Your friend, the accompanist
For the second round of auditions, potential cast members had to sing an excerpt from “tick … tick … BOOM!” with piano accompaniment. Given that they had less than 36 hours to prepare, our panel was lenient with our requirements; actors could take some time to familiarise themselves with the music and access the lyrics while singing.
In all audition settings, but especially high-stress ones like ours, I consider my role as an accompanist to be the bridge between the actor and the panel. I am fully present in discussions around who to cast and will make heartwrenching decisions to turn down talented performers, but when actors are in the room beside me, I am on their side. When I was in high school, this meant saying little words of reassurance to the auditionees who I often knew personally (our performing arts community was tight-knit and our school was tiny). For this production, though I knew very few of the actors trying out, it involved adjusting my playing to fit any wonky rhythms, emphasising the notes of the melody if they forgot the right ones, and preparing them for runs by moving through their vocal warmups.
Through my years of accompanying singers and instrumentalists, I’ve developed an inside joke where I refer to myself as “the piano” with others in rehearsal settings. This time around, I felt like so much more than my instrument; I felt constantly alive and responsive and moved by every acting choice made by our potential cast. This was also an exceptionally courteous group of auditionees, a group that thanked me after every run more often than not and who were quicker to admit their own mistakes than to notice mine. I was proud to give this part of myself for a few minutes to even those who ultimately did not join our production.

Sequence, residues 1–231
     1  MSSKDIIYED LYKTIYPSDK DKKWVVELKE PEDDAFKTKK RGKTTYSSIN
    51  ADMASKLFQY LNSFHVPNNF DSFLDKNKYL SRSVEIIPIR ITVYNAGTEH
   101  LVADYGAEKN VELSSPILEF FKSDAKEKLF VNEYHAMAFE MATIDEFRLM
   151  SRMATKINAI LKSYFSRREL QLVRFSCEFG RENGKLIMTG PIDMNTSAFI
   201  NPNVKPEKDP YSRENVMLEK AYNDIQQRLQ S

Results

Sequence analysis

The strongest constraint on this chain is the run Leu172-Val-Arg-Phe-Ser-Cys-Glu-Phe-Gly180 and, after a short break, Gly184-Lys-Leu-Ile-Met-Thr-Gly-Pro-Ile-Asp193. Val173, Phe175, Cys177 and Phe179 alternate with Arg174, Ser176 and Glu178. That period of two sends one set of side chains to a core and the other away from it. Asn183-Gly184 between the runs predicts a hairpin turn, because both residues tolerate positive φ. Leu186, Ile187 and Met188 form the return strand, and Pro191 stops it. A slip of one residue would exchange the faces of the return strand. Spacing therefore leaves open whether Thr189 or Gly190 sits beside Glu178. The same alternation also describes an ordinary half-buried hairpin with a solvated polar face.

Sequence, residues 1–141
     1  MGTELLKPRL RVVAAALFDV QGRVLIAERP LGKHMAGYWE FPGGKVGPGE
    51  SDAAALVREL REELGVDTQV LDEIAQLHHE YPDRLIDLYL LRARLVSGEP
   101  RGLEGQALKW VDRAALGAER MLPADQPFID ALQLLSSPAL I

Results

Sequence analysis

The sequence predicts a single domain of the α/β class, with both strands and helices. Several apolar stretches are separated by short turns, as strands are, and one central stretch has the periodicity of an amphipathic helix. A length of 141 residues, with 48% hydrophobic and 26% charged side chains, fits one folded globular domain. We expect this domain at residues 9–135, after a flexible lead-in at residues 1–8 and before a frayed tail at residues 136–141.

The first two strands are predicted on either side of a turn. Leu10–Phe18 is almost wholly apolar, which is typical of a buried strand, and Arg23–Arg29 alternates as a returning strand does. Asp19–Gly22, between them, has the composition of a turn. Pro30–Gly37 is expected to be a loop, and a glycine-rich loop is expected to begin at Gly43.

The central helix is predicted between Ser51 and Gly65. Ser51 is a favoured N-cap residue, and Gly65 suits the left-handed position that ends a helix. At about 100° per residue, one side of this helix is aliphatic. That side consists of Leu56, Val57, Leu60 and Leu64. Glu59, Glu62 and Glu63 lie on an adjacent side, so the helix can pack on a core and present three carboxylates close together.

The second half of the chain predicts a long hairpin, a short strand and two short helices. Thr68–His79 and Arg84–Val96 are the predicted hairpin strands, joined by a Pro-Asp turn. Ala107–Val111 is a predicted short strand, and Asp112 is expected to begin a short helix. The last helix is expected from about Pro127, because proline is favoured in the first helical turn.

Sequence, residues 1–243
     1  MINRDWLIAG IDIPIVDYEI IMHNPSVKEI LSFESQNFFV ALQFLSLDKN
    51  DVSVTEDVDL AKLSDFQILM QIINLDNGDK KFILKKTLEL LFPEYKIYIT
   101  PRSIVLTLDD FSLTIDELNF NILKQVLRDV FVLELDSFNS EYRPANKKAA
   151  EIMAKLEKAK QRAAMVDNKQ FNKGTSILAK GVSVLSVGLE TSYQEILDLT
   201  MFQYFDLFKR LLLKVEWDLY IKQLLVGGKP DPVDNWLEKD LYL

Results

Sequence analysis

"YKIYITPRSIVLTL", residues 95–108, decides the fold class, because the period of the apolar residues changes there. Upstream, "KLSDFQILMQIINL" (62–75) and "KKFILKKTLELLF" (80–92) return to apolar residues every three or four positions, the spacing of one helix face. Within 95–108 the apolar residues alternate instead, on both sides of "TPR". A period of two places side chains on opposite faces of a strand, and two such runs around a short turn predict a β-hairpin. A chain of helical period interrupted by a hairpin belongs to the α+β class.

Actions speak louder than words . — Jon in “tick … tick … BOOM!”’s final song
Week 1: Time for read-through!
After announcing our cast, made up of diverse performers with a range of experience levels, we scheduled our rehearsals for the month. The first action point was to gather our entire team for a read-through of the show’s script, which proved that our actors were even more talented than we originally believed. Their delivery of the show’s most moving monologues and exchanges brought a lump to my throat and tears to the eyes of our production team, levels of emotion rarely seen in read-throughs. It remains difficult for me to believe that these actors are pursuing their craft as a hobby, a side interest even, and that they are simultaneously juggling exams and essays on altogether distinct topics.
In addition to being the first week of “tick … tick … BOOM!” rehearsals, this week has also marked the end of my undergraduate degree. I’ve been furiously editing my dissertation with the help of friends and family, and after submitting my work yesterday, time has been sludge-like. I feel both unoccupied and constantly busy, possibly because my musical directing work in these initial stages involves sending and responding to endless Facebook messages while holed up in my flat. It’s tricky to find direction when there’s no more academic work to do for months, so this freedom is two-edged.
In the meantime, I’ll devote my energy to this production and to my part-time role at Flourish, where I continue to be inspired by my colleagues and produce data stories for social media and the web. The work never ends; it only changes tack. Actions speak louder than words.